Myanmar Times' editor-in-chief Ross Dunkley is imprisoned in Yangon's main Insein Prison for violating a section of the immigration law applying to overstaying a visa, a business partner said Saturday. The offense is punishable by a maximum jail term of two years, or a fine, or both.
David Armstrong, Dunkley's partner is a separate Cambodian newspaper venture, the Phnom Penh Post, issued a statement saying that Thursday's arrest "coincides with tense and protracted discussions ... about the future direction of the publishing group, ownership issues and senior leadership roles" he has been holding with his Myanmar business partners. He did not elaborate.
The dispute comes as Myanmar's long-ruling junta is preparing to hand over the reins of government to a new, nominally civilian government packed with its allies. With the military expected to continue to exercise power from behind the scenes, no loosening of restrictions on the press is expected. All daily newspapers and electronic media are directly controlled by the government
Dunkley is known for founding English-language newspapers, often with a business emphasis, in authoritarian countries. He started a similar venture in communist Vietnam in the 1990s and bought Cambodia's well-established but financially weak Phnom Penh Post two years ago. He founded the Myanmar Times in 2000 during a period of relative liberalization under the ruling junta. The weekly also has a Myanmar-language counterpart.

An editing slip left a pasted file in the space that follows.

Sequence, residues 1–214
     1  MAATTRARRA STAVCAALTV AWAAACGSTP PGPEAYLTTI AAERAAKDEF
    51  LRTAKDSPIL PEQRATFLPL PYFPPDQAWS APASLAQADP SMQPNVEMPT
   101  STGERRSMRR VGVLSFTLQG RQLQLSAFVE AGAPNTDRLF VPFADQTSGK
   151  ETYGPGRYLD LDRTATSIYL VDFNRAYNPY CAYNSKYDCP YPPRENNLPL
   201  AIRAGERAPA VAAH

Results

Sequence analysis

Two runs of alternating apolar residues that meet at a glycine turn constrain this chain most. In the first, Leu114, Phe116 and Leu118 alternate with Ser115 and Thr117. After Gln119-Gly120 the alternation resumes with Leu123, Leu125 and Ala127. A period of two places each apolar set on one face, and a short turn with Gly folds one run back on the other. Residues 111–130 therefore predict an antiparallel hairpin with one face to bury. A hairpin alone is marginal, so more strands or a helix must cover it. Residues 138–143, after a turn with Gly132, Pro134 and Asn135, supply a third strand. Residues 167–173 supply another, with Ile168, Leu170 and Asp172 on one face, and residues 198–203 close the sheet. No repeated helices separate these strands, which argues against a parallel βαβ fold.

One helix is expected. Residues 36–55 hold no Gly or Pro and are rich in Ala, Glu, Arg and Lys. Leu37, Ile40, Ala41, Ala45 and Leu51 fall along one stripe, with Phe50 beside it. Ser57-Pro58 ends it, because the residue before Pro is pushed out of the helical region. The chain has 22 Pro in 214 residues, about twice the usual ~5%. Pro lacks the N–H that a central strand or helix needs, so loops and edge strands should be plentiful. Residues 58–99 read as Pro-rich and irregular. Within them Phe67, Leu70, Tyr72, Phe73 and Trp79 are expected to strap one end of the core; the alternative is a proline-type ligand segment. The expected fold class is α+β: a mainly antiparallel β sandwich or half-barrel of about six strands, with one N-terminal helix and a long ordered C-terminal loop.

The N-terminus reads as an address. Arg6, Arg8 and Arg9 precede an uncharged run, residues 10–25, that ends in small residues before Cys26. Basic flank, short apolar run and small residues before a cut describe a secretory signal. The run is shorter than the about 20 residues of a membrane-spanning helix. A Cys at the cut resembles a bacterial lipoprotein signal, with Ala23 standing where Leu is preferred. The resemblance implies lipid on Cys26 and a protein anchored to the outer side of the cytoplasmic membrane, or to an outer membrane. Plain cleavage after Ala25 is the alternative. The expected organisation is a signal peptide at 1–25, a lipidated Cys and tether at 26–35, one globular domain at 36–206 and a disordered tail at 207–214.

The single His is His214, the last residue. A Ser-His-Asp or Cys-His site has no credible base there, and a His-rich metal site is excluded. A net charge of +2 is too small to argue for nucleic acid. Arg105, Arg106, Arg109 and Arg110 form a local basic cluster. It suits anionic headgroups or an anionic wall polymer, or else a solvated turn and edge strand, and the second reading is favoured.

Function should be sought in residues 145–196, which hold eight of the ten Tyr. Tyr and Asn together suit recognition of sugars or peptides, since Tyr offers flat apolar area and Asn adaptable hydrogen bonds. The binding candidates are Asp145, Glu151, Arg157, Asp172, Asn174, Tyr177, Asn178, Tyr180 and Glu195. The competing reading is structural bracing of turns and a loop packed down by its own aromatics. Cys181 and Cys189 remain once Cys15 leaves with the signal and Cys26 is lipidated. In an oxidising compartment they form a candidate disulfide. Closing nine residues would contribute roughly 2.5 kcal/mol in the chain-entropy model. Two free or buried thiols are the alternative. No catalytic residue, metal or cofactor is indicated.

The Myanmar Times uses many professional journalism conventions - naming sources, portraying opposing sides of issues - though it generally pulls its punches when it comes to criticizing the government, which tightly restricts what is published.
Armstrong said in his statement, published on the website of the Phnom Penh Post, that Dunkley will be brought to court on Feb. 24.
"His lawyers in Yangon say Mr. Dunkley is confident he can answer any charges or allegations made against him and is looking forward to returning to lead the Myanmar Times group in the exciting times ahead for the publishers and the country," Armstrong said.